“The churches in our Welcome Network celebrate the refugees we have met in our communities in recent years,” Shepherd told Christian Daily International. “Whilst many of the people seeking asylum that our churches meet will be feeling some relief at not facing immediate removal to Rwanda, the future for these people still feels very uncertain.”

Shepherd hoped that the new government would put “compassion and welcome” at the heart of their asylum policies, “rather than fear and hostility.” 

“The experience of many refugees is that it is local churches and Christians that have welcomed and supported them on their journeys across the globe. Welcome Churches' vision is for every refugee to be welcomed by the local church and we pray the global Church will grasp hold of this vision as well.”

Labour also purports to prioritize family finances with lower tax rates and reducing food prices. The party also mentioned free breakfast clubs in every primary school but otherwise envisioned an “ambitious strategy” to reduce child poverty without providing particular details in the manifesto.

Christians Against Poverty (CAP) issued a press release this morning asking all MPs, of whatever political persuasion, to visit one of their 250 debt centers to see for themselves the financial woes suffered by many people, as reported recently by Christian Daily International. 

Gareth McNab, CAP Director of External Affairs, referred to a YouGov poll last year showing nearly 90 percent of people in the U.K. want to see poverty tackled. Another poll by YouGov last month showed 21 per cent of adults have skipped meals and 48 percent limit energy use at home, at least once per month, because of burgeoning costs. 

“There is clearly a great public urgency around addressing poverty, and this now needs to be a greater political priority,” McNab said. “There are important steps that the new Labour Government can take quickly to address this.

“These include reviewing social security payments against the Minimum Income Standard and making the legal minimum wage the same level as the Real Living Wage. This will help ensure everyone has access to an income that covers their essential needs.”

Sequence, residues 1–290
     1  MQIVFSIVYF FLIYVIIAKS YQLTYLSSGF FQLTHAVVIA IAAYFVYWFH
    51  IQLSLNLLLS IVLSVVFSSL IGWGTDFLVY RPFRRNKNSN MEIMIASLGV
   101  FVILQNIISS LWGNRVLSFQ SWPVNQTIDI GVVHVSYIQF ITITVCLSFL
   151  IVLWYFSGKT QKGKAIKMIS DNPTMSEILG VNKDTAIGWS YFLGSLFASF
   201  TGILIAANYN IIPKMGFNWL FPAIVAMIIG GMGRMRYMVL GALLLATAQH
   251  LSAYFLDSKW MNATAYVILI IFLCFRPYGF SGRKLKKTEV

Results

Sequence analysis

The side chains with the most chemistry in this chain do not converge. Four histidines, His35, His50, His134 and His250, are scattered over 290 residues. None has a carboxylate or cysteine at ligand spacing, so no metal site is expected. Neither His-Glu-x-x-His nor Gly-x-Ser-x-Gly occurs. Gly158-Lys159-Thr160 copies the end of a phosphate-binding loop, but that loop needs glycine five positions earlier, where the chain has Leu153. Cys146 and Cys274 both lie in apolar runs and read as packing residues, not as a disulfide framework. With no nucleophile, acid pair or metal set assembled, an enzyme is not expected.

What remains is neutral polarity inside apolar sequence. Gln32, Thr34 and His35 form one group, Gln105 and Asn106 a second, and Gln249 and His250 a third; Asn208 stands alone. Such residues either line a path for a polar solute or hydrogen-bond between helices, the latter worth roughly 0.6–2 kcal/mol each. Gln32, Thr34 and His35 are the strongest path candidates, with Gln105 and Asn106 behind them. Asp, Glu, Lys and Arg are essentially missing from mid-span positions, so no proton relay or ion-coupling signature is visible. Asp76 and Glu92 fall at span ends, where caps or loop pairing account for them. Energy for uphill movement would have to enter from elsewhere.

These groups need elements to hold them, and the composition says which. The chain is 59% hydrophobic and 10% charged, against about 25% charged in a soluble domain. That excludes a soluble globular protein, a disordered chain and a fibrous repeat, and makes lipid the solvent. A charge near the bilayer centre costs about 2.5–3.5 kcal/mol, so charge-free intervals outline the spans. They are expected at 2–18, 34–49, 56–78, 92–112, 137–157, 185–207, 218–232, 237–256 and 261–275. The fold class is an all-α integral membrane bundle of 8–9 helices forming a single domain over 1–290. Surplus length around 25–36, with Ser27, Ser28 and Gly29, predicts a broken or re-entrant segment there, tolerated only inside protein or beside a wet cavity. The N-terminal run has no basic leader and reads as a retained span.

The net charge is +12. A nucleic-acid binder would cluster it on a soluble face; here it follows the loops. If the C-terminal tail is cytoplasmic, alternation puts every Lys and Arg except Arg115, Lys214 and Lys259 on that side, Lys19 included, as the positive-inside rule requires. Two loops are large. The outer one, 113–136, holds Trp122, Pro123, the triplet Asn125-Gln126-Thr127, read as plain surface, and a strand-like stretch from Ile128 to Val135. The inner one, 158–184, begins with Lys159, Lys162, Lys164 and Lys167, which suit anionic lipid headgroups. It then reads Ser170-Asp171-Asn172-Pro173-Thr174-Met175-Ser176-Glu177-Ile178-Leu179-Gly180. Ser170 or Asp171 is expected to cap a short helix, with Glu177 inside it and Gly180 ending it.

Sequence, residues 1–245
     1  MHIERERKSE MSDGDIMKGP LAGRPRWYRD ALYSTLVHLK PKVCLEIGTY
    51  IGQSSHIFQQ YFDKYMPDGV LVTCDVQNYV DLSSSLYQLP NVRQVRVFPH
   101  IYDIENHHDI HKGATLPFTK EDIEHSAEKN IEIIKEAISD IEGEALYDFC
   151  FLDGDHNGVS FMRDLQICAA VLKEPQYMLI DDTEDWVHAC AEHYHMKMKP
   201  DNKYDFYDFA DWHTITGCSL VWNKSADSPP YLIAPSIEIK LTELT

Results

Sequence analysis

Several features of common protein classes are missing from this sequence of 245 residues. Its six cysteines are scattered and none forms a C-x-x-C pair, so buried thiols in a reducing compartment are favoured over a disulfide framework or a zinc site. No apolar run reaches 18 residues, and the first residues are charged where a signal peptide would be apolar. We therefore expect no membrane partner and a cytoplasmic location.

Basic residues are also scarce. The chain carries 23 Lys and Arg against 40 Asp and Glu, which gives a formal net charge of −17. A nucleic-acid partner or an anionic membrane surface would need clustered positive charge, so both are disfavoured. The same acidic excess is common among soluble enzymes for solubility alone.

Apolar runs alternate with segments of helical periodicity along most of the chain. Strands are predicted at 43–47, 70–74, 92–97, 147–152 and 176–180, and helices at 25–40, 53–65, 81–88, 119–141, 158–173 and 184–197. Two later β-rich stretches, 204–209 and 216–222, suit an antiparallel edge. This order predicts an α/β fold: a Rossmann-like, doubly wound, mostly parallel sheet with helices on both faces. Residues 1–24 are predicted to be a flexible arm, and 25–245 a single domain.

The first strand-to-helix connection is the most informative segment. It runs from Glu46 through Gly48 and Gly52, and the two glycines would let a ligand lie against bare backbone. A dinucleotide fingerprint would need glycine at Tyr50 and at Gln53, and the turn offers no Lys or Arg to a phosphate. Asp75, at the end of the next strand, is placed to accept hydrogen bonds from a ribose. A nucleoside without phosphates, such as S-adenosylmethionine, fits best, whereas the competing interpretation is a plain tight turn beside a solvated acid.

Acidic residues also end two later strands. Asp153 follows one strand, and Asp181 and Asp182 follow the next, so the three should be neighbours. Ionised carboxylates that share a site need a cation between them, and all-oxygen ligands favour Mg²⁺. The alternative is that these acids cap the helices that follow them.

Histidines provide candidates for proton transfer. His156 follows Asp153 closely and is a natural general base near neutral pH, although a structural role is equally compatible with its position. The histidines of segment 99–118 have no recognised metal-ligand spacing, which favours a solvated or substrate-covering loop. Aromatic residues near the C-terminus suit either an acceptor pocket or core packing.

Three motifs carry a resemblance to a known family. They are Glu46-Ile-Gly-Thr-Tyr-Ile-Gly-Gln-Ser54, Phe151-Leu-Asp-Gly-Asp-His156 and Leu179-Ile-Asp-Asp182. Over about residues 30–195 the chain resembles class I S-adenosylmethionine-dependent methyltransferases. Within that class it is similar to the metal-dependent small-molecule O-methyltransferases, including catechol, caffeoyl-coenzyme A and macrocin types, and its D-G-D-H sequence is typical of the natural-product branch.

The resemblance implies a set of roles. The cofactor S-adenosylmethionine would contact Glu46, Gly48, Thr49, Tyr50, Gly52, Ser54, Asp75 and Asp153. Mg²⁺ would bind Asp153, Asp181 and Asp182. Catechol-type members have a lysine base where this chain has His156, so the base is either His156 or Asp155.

The British and Foreign Bible Society published a review of the relationship between the Christian faith and the Labour party in 2010, striking a positive note – written at a time when Labour lost a general election, placing the Conservatives in power for the next 14 years, until now. 

Called ‘Building Jerusalem? Christianity and the Labour Party’, and written by Paul Bickley, researcher at Theos, the public theology think tank, the study claimed that “if the idea that the Labour Party owes more to Methodism than it does to Marx contains any truth, it is the truth that faith communities can provide personnel.”

Bickey opined that being part of a faith body, like a church, trained people in “the virtues of citizenship, service and common endeavor - virtues without which no political party can long survive.”

“If the Labour Party continues to aspire to be the Party of ‘a just society, which judges its strength by the condition of the weak as much as the strong, provides security against fear, and justice at work, which nurtures families, promotes equality of opportunity and delivers people from the tyranny of poverty, prejudice and the abuse of power’, then, inasmuch as it makes a critique which is consonant with the Christian Socialist tradition, it will command high levels of support and involvement from amongst the Christian community,” predicted Bickley, giving his own view. 

Gavin Calver, chief executive officer for the U.K. Evangelical Alliance, believes the new Labour Government carried a “significant burden of responsibility.” He referred to Psalm 72, praying that God would give the new Prime Minister “wisdom and a heart for justice, that he will stand up for the  poor and for children in need.”

“The Evangelical Alliance is committed to working with the government on restoring hope in our society, strengthening social cohesion and honouring the dignity and value of every human being. Our faith is a vital component of what makes a difference and helps transform lives across the UK.

“We look forward to working closely with the new minister responsible for faith groups and encourage the prime minister to appoint a special envoy for international freedom of religion or belief as soon as possible.

“There will be points in the years ahead where we will disagree with the government's direction and will challenge policies and decisions. Any moves that disempower and harm the most vulnerable in society will be met with a robust response from the evangelical Christians across the UK. Our heart is always to serve and advocate for those most in need and we urge the government to do the same,” he said. 

“We encourage the government to meet with evangelical churches and national organisations to understand the vast contribution we are already making every day for those in greatest need.”